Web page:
June 29, 2003

The Music of Chance

One of my favorite alternative history novels has always been L. Sprague de Camp’s Lest Darkness Fall, in which Martin Padmore, an American historian, finds himself transported back to Rome, which is about to fall, ushering in the Dark Ages. Martin (or Martinus) has to work quickly to prevent the collapse of civilization through technological change; he establishes himself as a financial magnate in short order, through the introduction of distilled liquors, telescopes, newspapers and double-entry book-keeping. I always admired de Camp for underlining the importance of the last innovation - it really transformed the economy, as Weber among others has emphasized.

But now I’ve discovered that Martinus wouldn’t have needed to be so inventive to prosper; all he would have had to do is to play dice. Ian Hacking, whose work on the history of thought reeks of authoritativeness, informs us in The Emergence of Probability that the classical world was gambling-mad - Marcus Aurelius was so obsessed with dice that he brought his personal croupier everywhere. However, nobody understood the basics of probability theory until the fifteenth century at the earliest. In other words, if you understood the simple mathematics of frequency, you could clean up. As Hacking puts it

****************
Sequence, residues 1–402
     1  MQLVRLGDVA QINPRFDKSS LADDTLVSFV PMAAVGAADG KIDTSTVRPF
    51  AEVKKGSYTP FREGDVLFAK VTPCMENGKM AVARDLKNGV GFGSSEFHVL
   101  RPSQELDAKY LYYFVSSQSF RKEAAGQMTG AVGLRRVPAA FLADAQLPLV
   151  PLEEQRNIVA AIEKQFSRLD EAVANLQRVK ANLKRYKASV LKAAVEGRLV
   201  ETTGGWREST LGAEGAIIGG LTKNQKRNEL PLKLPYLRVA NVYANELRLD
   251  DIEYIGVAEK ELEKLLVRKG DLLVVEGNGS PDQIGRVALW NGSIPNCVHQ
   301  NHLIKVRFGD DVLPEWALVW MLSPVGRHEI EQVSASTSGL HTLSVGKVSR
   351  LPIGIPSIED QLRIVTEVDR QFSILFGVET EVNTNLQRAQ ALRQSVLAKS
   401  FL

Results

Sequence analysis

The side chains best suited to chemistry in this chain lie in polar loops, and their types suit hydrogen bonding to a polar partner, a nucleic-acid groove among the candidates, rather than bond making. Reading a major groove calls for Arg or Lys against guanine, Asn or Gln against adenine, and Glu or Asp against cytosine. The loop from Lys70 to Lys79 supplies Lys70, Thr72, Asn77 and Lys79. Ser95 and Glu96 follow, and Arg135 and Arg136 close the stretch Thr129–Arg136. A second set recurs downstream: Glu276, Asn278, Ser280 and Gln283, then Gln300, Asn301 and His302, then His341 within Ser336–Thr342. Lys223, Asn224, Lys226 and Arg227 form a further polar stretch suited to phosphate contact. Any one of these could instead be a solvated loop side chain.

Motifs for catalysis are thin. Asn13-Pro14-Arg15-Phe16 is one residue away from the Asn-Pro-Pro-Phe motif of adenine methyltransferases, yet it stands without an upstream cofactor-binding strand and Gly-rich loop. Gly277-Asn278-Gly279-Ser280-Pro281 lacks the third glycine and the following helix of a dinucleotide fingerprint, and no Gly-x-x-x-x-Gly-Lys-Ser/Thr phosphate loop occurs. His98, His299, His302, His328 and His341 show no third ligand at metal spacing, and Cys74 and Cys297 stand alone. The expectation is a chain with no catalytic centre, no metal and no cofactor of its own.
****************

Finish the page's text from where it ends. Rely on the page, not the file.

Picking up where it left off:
Someone with only the most modest knowledge of probability mathematics could have won himself the whole of Gaul in a week.

Good thing to know, if you ever find yourself zapped back to fifth century Europe …

Posted by Henry at June 29, 2003 10:13 PM | TrackBack
Comments

Zap me back, then, will you? All that remains of my knowledge of probability is the most modest amount…

Posted by: Doug at July 1, 2003 05:44 AM

Very interesting post

Posted by: Mike at October 21, 2003 06:57 AM
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